This article was submitted to Reston Now by Dave Ryan of the Osher Lifelong Learning Institute.
No matter how much some readers may yell at certain pesky geese to stop blocking Reston roadways and pooping on its sidewalks, some of these wildlife neighbors never seem to get the message that they should fly away or migrate to more natural areas.
Why is this? Katherine Edwards knows.
In a Jan. 18 presentation to the Osher Lifelong Learning Institute at Reston Community Center Lake Anne, Fairfax County Wildlife Management Specialist Dr. Katherine Edwards explained that there are two distinct populations of Canada geese that inhabit Fairfax County — migratory and resident. Present-day resident geese originated from captured migratory ones that decades ago had their flight feathers clipped, and were then largely used as live hunting decoys.
Even when these captive birds were released or escaped and no longer had their flight inhibited, they did not resume their ancestral migratory patterns. The reason: For a goose to migrate, it must be taught the flight path by its parents or flock.
Successive generations of geese never learned to migrate. Over time, the birds and their descendants, while able to fly, lost the instinct and need to migrate — so they’re blissfully happy taking up permanent residence right here in Reston.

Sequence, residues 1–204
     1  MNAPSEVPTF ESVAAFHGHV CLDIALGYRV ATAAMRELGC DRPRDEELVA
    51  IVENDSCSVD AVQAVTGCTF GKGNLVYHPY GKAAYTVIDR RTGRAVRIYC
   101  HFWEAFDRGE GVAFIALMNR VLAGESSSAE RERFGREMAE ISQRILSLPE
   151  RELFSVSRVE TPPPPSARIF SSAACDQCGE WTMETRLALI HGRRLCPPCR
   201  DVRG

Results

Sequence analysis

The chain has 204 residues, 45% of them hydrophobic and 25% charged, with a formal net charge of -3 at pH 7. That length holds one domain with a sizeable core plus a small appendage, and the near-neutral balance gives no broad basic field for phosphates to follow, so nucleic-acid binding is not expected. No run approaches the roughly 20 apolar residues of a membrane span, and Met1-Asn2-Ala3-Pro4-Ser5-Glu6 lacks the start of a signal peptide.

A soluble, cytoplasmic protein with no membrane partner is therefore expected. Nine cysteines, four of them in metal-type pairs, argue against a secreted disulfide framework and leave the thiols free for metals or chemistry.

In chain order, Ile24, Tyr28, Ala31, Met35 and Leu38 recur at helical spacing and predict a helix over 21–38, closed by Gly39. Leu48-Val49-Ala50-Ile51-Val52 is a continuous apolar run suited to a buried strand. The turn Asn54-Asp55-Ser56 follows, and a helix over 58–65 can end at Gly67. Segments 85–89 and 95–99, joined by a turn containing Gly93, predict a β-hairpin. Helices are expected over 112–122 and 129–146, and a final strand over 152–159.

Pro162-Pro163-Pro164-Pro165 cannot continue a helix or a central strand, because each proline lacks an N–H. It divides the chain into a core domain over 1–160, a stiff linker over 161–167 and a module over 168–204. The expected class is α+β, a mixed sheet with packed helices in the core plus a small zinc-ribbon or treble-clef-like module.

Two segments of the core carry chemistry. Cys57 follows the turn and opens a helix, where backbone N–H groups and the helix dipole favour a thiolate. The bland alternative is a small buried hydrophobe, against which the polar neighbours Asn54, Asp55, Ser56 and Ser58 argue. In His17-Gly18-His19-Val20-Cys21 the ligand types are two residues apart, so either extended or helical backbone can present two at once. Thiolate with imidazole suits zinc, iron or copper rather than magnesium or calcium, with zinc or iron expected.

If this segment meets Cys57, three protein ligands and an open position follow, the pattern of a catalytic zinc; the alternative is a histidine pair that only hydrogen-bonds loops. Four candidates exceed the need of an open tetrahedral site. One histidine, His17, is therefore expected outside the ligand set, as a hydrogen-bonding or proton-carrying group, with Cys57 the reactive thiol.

According to Edwards, communities like Reston provide an abundance of ideal nesting and foraging habitat for geese in the form of lawns, sports fields, golf courses, parks and ponds. With relatively few predators around, goose populations are safe to expand in suburban areas. However, this increase in goose numbers often leads to conflicts with humans in terms of overgrazed lawns, accumulated droppings, molted feathers and roadway hazards.
Edwards added that the county uses a variety of methods to manage resident geese, including habitat modification and egg oiling to reduce flock growth.
For more information about wildlife in Fairfax County, visit the Fairfax County website. For more information about how the Osher Lifelong Learning Institute (OLLI) at George Mason University provides educational, social and cultural opportunities to citizens of Northern Virginia, visit its website.
Photos courtesy David Ryan/OLLI